• What is the land usage of onions: Onions are a fairly land-efficient crop and on average, 18-40 tonnes of onions are grown per hectare. They have to be carefully spaced at least two inches apart, meaning that they have a lower yield than some other root vegetables. For example, potatoes have a very high yield of 40-70 tonnes per hectare. Land-efficient crops tend to have lower carbon footprints, since less resources are needed.
  • What is the water usage of onions: Onions have a relatively high need for water, requiring about an inch of water every week. Because of their shallow root systems, onions are often watered through drip irrigation which requires energy. This contributes to the carbon footprint of this plant.
  • What is the pesticide and fertilizer usage of onions: The Environmental Working Group found onions to be the fourth ‘cleanest’ crop, which made it part of their ‘Clean Fifteen’ list of foods that contained the least amount of pesticides. Since pesticide usage produces carbon emissions through manufacturing, transportation, and application to crops, onions have a low carbon footprint at this stage.

In short, the land, water, and pesticides used when growing onions contribute to the overall carbon footprint. However, because onions do not require a lot of these resources, the carbon footprint of growing onions is relatively low. 

What Is the Carbon Footprint of Harvesting, Processing, and Packaging Onions

The carbon footprint of harvesting, processing, and packaging onions is <0.09 kg (<0.2 lb) of CO2e per pound of produce, which makes up 28.5% of the overall carbon footprint of this plant. Unprocessed and unpackaged onions have a lower carbon footprint, as less resources are required.

Onions are often sold loose, which is part of the reason why they have a lower carbon footprint than vegetables which are frequently packaged in plastic, such as salad mix. However, the processing stages and machine-harvesting of this crop contribute to the carbon emissions of this stage. 

Which factors impact the carbon footprint of harvesting, processing, and packaging onions?

In short, onions that are unprocessed and sold loose have a lower carbon footprint than those packaged in plastic or sold pre-processed. 

What Is the Carbon Footprint of Transporting of Onions

The carbon footprint of transporting onions is <0.05 kg (<0.1 lb) of CO2e per pound of produce which amounts to 28.84% of the overall carbon footprint. This is a relatively low carbon footprint because onions can be grown in many states, making it easier to buy local produce. Produce grown in other countries will have a much larger transportation footprint.

Onions grown locally produce far fewer food miles from transportation, making locally-grown onions better for the environment.

Which factors impact the carbon footprint of transporting onions?

In short, the carbon footprint of transporting onions depends on where they are grown. Luckily, due to the widespread nature of onion farming, it is often possible to purchase locally grown onions to reduce the carbon footprint. 

What Is the Carbon Footprint of the End-of-Life of Onions

The carbon footprint of the end-of-life of onions is largely impacted by the amount of food and packaging wasted. Around 43,000 tonnes of avoidable onion waste is discarded every year. However, since onions are often sold loose, there is less plastic waste with this vegetable.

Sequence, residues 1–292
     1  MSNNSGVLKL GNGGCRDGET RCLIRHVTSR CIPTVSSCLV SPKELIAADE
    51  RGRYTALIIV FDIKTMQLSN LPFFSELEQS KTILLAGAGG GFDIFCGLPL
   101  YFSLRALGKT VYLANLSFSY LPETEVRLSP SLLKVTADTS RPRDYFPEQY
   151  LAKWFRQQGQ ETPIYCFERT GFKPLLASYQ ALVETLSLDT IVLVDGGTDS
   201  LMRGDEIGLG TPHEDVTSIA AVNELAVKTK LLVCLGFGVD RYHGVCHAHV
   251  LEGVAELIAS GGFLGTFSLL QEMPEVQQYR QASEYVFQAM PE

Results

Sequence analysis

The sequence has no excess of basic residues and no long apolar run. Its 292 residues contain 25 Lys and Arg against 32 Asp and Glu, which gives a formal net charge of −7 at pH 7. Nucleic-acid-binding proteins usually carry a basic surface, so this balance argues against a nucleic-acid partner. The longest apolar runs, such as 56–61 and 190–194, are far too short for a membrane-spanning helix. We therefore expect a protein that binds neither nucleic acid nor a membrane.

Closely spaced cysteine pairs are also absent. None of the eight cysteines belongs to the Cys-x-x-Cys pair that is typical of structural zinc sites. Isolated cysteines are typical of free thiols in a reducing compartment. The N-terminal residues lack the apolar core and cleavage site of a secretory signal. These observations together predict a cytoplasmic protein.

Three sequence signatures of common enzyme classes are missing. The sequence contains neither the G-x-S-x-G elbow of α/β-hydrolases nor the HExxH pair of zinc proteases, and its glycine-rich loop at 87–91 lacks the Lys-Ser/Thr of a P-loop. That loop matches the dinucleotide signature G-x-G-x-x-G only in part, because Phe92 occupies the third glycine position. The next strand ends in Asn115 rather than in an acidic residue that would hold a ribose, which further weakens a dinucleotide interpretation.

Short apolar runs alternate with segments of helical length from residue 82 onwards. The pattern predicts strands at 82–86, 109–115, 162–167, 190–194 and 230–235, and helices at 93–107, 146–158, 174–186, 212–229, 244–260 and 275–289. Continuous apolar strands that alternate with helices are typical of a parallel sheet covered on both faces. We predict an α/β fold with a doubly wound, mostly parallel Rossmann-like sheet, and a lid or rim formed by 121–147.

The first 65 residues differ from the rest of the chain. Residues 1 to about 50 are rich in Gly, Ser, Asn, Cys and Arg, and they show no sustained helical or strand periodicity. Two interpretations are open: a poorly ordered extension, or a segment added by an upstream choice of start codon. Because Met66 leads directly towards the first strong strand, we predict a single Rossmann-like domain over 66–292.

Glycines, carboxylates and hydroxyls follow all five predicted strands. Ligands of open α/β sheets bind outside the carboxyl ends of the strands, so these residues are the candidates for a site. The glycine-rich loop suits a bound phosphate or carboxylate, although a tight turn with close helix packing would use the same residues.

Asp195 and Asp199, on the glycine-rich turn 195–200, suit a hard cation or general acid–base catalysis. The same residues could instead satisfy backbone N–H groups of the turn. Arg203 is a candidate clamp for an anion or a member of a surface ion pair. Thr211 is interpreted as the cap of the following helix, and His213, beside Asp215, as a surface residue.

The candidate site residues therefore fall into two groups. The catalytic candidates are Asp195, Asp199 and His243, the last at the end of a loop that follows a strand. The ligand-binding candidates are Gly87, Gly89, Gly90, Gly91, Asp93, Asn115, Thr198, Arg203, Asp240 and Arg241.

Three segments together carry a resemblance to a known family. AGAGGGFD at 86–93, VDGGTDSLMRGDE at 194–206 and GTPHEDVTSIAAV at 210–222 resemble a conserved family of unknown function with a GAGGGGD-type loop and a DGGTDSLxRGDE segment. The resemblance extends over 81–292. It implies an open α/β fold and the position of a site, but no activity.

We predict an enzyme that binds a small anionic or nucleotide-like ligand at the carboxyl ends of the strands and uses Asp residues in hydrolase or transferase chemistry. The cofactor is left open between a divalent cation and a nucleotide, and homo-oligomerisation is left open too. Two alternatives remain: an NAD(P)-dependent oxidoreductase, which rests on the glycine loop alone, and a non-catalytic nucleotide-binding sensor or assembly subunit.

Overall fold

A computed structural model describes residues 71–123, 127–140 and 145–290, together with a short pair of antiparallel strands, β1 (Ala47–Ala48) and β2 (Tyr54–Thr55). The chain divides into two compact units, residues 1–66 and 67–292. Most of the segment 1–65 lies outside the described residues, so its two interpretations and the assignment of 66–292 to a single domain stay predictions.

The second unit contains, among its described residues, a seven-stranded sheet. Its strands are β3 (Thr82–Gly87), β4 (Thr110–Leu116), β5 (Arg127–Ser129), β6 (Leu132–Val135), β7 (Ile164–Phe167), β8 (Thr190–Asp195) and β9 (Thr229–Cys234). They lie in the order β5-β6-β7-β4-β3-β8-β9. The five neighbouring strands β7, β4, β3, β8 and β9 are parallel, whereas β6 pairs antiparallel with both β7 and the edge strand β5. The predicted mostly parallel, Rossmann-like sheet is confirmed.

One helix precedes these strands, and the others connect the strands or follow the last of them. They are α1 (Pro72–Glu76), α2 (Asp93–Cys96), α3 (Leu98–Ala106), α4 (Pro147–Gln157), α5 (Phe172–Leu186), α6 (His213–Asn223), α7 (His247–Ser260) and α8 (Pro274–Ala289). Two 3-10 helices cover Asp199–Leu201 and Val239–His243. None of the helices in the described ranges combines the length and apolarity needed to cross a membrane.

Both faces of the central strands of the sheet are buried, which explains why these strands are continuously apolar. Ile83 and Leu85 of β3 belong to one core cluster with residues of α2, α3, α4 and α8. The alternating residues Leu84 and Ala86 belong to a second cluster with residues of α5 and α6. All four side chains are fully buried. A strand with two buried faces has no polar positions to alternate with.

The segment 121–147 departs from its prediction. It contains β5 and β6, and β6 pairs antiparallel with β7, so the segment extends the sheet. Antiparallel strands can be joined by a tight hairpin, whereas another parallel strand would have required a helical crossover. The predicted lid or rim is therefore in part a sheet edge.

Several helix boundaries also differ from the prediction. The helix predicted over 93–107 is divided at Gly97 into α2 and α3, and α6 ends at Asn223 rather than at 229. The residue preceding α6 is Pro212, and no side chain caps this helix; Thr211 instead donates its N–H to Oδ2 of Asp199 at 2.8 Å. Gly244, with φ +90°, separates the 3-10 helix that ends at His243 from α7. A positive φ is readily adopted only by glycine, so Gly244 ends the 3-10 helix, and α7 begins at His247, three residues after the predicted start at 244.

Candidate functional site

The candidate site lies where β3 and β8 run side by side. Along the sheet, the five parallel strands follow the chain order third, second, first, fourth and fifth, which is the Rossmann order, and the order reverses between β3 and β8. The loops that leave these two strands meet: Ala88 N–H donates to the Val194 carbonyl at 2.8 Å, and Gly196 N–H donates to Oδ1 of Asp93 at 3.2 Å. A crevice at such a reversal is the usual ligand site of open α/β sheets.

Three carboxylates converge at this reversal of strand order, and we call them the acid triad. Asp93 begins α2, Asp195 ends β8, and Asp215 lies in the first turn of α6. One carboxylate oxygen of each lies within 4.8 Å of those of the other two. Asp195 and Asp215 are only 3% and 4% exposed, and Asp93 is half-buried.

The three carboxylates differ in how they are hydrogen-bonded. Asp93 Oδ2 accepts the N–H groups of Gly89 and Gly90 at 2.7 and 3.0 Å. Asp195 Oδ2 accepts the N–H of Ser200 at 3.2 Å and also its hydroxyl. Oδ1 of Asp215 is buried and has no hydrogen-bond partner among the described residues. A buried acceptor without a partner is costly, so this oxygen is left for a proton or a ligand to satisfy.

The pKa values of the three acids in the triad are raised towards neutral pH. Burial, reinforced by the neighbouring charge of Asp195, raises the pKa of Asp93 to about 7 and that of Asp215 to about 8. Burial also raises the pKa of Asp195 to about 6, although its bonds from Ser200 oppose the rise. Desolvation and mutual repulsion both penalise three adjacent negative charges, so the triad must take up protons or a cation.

Onions have a long shelf-life and often are sold without packaging, meaning that the end-of-life of onions should have a relatively low carbon footprint. However, onion waste still often ends up in landfill, increasing the carbon footprint of this stage.

Which factors impact the carbon footprint of the end-of-life of onions?

In short, buying unpackaged onions, and storing them properly, leads to far less waste. Being conscious of the way you dispose of onion waste will reduce your carbon footprint.

How Does the Carbon Footprint of Onions Compare to Other Types of Food

Onions have a very low carbon footprint compared to other vegetables. Additionally, vegetables tend to produce far fewer carbon emissions than other types of food, making onions a highly sustainable choice!

Let’s see how onions compare with other vegetables.

How Does the Carbon Footprint of Onions Compare to Other Types of Vegetables

In comparison to other vegetables, the carbon footprint of onions is very low. For example, cucumbers produce nearly 10 times the carbon emissions of onions. Salad vegetables need more resources to grow, making their carbon footprint far higher than root vegetables.

VegetablesCarbon Footprint
Cucumbers1.00 kg (2.2 lbs) of CO2e per pound of cucumbers
Tomatoes0.82 kg (1.8 lbs) CO2e per pound of tomatoes
Bell Peppers0.73 kg (1.6 lbs) of CO2e per pound of bell peppers
Chili Peppers0.73 kg (1.6 lbs) of CO2e per pound of chili peppers
Asparagus0.41 kg (0.9 lbs) of CO2e per pound of asparagus
Salad Mix0.41 kg (0.9 lbs) of CO2e per pound of salad mix
Spinach0.30 kg (0.67 lbs) of CO2e per pound of spinach
Cauliflower0.27 kg (0.6 lb) CO2e per pound of cauliflower
Broccoli0.27 kg (0.6 lb) CO2e per pound of broccoli
Celery0.27 kg (0.6 lb) of CO2e per pound of celery
Kale0.27 kg (0.6 lb) of CO2e per pound of kale
Corn0.27 kg (0.6 lb) of CO2e per pound of corn
Lettuce 0.26 kg (0.57 lb) of CO2e per pound of lettuce
Carrots0.18 kg (0.4 lb) of CO2e per pound of carrots
Garlic0.18 kg (0.4 lb) of CO2e per pound of garlic
Green Onions0.16 kg (0.32 lb) of CO2e per pound of green onions
Potatoes0.12 kg (0.27 lb) of CO2e per pound of potatoes
Mushrooms0.12 kg (0.27 lb) of CO2e per pound of mushrooms